LONDON (Reuters) - Construction activity picked up unexpectedly last month to a five-month high as firms took on new work and increased their workforce, but businesses were less optimistic about the future, a survey showed on Wednesday.
The Markit/CIPS construction PMI headline activity index jumped to 53.9 in October from 50.1 the previous month, smashing expectations for a dip to 50.0 and well above the highest forecast in a Reuters poll for 50.8.
The upbeat figures come after data on Tuesday showed that the manufacturing sector contracted at its fastest pace in over two years and ahead of a survey on Thursday expected to show growth in the service sector slowed.
Wednesday’s survey showed that although growth in new orders rose at its fastest pace since May, firms’ expectations for business over the coming year fell to its lowest in nearly three years.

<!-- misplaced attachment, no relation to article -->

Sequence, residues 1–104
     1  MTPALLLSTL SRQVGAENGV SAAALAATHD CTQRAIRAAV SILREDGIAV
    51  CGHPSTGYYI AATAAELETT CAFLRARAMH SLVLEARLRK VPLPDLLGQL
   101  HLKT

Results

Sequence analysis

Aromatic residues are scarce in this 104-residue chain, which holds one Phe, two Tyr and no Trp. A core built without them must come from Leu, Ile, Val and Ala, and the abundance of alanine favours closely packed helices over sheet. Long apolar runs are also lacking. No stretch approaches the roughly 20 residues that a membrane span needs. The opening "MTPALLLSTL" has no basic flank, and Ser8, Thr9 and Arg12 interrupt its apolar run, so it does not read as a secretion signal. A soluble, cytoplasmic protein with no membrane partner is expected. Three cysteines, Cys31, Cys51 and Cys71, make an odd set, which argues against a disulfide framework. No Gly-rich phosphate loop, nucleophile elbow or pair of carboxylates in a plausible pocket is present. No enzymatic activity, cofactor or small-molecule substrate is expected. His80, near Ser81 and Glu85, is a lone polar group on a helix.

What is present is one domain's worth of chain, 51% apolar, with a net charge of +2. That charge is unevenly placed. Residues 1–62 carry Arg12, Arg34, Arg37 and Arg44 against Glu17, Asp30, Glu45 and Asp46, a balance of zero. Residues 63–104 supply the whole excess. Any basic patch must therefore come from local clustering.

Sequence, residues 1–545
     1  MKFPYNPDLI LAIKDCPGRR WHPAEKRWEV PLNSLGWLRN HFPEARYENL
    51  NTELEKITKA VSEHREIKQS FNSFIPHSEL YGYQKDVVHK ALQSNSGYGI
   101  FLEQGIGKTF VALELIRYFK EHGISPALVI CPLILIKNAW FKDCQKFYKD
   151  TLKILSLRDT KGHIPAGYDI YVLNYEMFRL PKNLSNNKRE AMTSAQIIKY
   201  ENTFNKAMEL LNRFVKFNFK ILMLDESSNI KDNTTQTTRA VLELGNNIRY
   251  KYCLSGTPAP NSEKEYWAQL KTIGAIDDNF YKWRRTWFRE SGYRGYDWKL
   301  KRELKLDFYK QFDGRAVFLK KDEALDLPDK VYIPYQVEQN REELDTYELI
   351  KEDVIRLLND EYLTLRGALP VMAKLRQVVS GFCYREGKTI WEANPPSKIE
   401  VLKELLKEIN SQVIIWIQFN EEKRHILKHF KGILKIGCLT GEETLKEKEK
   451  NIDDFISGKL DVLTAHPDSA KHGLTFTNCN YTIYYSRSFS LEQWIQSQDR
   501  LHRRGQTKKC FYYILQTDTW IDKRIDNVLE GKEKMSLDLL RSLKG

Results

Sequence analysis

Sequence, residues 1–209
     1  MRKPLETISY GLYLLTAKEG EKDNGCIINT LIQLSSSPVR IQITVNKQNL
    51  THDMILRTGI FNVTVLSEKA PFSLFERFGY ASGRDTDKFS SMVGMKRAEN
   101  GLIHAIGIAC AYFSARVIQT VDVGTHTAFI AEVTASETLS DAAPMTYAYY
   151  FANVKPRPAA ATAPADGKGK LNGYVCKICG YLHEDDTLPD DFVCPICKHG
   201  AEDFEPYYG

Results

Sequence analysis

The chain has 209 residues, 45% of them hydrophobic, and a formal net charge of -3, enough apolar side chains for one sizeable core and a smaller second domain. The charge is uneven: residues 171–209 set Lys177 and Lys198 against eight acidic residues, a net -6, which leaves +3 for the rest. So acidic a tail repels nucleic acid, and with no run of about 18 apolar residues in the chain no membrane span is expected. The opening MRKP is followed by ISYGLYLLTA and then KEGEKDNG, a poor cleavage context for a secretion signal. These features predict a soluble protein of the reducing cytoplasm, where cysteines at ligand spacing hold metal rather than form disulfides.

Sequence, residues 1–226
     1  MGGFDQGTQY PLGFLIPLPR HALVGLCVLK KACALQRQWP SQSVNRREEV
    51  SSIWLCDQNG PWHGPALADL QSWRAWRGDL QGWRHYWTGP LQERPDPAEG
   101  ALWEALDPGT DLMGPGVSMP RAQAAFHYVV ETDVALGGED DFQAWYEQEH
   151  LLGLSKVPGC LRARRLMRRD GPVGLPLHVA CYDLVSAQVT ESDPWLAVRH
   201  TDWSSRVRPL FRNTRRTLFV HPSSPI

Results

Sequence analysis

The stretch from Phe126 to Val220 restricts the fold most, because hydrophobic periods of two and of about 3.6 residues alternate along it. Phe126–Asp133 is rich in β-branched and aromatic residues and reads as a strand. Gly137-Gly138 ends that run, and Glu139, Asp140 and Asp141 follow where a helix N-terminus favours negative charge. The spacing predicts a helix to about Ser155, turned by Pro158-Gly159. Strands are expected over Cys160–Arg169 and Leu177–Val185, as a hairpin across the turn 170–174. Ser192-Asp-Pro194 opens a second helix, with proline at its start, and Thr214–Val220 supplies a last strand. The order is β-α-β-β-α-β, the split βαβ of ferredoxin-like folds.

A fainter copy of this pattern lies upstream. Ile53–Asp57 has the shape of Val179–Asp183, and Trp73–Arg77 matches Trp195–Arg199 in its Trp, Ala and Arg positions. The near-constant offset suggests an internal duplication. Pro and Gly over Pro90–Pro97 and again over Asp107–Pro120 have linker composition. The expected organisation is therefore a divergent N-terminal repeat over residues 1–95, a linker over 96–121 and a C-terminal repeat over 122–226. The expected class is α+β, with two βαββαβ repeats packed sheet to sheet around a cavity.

“The outlook for the sector remains uncertain, with October seeing a further weakening in sentiment regarding business expectations,” said Markit economist Sarah Bingham.
“Furthermore, the increase in employment recorded was fractional, despite the rise in new business and activity. This suggests that constructors remain tentative about the longevity of the sector’s growth profile.”
The survey also showed that while activity in the commercial and civil engineering sectors improved, housing construction activity continue to fall.
Reporting by Jonathan Cable; editing by Anna Willard